I wish I worked with NurseDiane and her husband in South Georgia,...there is no camaraderie amongst the staff...lots of resentment between the "sides"...and management promotes the resentment...they have no clue about staffing according to acuity...they just look at numbers...I often wonder why I have "landed" here, but the other "local" facilities are even MORE political and poorly staffed than we are...I could drive an hour to another larger facility, but, dang...the benefits and money are pathetic everywhere around here...big sign on bonuses mean nothing to me...went that route before...found out exactly why the sign on bonus was so large...stayed there for 3 years, finally just walked away...it was either that or I was gonna die...
    We have no specialists on staff...consulting surgeons whom I would not allow to operate on road kill...everything else gets "sent up the road"...we have stablized many a pt in this facility...and I am extremely grateful that they have somewhere else they can go to have better medical care given by docs who are more "skilled"...
    There you have it... a personal glimpse into my special corner of HELL...
  12. by   stressedlpn
    I loved working for a smaller hospital, I got so much expierance, I learned alot for alot of different areas since I was the float.
  13. by   Ted
    Appreciate the input! Will respond in depth at a later time. Don't have much time now, unfortunately.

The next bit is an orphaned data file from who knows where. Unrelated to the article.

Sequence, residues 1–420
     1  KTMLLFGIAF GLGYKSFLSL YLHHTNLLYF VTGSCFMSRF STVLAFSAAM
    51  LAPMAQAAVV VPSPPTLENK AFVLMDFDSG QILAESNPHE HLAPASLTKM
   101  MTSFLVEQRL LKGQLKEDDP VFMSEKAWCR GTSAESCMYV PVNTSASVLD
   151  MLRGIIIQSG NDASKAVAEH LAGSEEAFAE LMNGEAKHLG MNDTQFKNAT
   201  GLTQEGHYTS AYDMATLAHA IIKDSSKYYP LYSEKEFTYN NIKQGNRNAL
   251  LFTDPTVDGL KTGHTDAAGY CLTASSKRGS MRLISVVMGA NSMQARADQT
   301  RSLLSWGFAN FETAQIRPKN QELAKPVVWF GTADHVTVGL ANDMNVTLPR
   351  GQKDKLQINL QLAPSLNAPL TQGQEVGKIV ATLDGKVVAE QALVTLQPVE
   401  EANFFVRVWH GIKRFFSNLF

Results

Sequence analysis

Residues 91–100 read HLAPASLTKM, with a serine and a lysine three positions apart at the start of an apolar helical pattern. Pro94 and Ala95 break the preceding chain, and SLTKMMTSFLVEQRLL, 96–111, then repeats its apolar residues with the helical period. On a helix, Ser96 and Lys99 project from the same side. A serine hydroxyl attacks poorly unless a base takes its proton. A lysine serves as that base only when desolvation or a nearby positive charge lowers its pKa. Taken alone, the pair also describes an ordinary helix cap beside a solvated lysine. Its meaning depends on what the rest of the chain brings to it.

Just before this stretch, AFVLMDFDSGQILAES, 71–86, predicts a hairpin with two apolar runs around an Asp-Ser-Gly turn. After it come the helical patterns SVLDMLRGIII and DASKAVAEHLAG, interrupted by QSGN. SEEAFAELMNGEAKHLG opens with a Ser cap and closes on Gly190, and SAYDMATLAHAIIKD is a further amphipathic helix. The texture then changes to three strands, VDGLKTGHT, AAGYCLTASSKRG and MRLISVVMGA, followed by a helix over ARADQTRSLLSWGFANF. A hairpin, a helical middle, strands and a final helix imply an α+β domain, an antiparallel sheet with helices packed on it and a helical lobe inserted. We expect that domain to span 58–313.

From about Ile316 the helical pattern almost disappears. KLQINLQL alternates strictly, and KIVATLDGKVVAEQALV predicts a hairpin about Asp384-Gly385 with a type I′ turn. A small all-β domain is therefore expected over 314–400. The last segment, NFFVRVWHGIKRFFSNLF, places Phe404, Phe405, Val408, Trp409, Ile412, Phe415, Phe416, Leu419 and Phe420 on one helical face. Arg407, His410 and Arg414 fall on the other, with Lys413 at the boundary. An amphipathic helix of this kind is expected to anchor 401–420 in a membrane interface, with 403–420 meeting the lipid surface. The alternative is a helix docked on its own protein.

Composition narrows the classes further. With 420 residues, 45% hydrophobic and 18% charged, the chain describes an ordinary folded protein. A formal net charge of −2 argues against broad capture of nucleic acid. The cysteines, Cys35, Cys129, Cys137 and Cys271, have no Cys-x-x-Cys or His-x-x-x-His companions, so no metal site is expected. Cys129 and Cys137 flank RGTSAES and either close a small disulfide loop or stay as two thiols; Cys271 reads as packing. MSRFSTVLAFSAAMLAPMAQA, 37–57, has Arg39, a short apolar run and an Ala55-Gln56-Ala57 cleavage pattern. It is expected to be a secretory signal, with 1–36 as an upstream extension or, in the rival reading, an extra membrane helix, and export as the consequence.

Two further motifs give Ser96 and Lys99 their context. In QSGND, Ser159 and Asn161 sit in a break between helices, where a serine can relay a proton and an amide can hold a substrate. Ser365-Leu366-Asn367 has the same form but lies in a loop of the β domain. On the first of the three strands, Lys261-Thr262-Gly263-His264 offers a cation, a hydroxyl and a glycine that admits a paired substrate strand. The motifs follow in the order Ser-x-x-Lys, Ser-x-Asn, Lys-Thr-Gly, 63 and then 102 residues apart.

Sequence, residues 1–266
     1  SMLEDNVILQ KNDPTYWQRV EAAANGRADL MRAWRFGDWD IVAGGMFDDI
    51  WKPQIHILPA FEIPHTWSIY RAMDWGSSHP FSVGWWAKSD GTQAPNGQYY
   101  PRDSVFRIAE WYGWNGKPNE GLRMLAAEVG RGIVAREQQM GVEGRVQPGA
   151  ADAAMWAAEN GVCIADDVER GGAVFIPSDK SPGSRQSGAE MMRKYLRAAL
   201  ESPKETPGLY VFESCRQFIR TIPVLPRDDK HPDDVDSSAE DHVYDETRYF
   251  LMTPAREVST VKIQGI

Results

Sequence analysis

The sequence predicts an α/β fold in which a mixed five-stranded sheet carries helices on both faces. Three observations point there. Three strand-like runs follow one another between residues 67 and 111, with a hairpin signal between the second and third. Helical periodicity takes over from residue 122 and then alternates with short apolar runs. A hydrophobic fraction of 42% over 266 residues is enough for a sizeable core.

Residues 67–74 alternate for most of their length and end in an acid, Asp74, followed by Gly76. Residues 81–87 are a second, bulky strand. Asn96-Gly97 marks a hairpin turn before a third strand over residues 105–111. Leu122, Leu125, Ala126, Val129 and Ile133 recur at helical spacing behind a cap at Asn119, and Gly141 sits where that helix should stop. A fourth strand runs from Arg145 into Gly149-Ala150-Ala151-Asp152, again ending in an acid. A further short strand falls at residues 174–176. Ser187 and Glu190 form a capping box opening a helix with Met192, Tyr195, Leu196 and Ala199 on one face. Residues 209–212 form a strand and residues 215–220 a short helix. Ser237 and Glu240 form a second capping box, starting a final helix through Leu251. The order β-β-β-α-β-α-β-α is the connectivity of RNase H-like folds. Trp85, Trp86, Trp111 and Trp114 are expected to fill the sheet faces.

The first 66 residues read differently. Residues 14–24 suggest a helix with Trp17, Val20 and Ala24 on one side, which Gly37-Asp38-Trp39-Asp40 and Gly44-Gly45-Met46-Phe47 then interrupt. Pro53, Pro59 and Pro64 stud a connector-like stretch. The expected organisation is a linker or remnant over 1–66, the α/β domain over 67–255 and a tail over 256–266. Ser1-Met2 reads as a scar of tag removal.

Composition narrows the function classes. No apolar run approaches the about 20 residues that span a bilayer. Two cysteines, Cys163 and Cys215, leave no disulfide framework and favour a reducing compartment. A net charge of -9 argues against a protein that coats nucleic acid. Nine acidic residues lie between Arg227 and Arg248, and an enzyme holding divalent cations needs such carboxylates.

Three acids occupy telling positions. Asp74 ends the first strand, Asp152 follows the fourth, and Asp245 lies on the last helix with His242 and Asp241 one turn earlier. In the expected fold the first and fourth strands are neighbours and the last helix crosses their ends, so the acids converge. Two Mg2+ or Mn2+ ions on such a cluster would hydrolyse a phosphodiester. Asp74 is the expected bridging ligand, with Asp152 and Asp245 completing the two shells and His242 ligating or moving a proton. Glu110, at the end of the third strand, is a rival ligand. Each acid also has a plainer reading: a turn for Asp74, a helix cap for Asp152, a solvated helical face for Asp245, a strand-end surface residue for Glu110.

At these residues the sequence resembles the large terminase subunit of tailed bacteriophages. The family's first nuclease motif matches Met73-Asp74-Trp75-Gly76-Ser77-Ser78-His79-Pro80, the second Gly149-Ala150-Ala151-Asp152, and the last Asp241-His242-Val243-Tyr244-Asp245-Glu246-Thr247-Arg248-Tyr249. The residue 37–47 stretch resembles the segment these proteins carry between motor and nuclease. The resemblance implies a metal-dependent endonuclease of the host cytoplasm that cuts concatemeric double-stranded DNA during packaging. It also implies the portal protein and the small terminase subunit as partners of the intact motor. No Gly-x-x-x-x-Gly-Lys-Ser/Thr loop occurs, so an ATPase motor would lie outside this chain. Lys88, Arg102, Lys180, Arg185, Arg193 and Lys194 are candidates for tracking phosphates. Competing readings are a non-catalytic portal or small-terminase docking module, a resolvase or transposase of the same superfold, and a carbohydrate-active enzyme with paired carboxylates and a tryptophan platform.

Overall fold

Cheers!

    Ted
  14. by   sbic56
    I work in a 42 bed rural hospital. We are affiliated with a much larger hospital and consult with specialists there. I work in OB; we have a level 2 nursery and send the sicker neonates to the larger hospital via their transport team.

    As far as staffing, we have good days and horrible days. I have seen a few days where we sit around with one mom and babe or are even "closed" with one RN on duty in case we get someone in. Then, there are days with 5 deliveries, several gyn and mom/babe couplets, as well as outpatients in for NST's or whatever for 3 or 4 nurses. Doesn't sound too bad until you realize that we are responsible for just about everything on a small unit as ancillary staff is minimal. We are also and LDRP; so we all are experienced in every aspect of care. Each of us are labor, postpartum, surgical and neonatal nurses.

    All in all, we are set up safely to deliver the care our patients need. It would be nice to be a little more state of the art, though. We are partly computerized, but still do alot of writing which makes for more work in the end.

    It's interesting to see the difference between larger and smaller hospitals and how they operate. We had a nurse who previously worked at a hospital that had 20+ deliveries a day where her function was purely L&D. It was quite a transition for her to come to a small place like ours where we are responsible for everything. Not saying one is harder or easier than the other ...just different.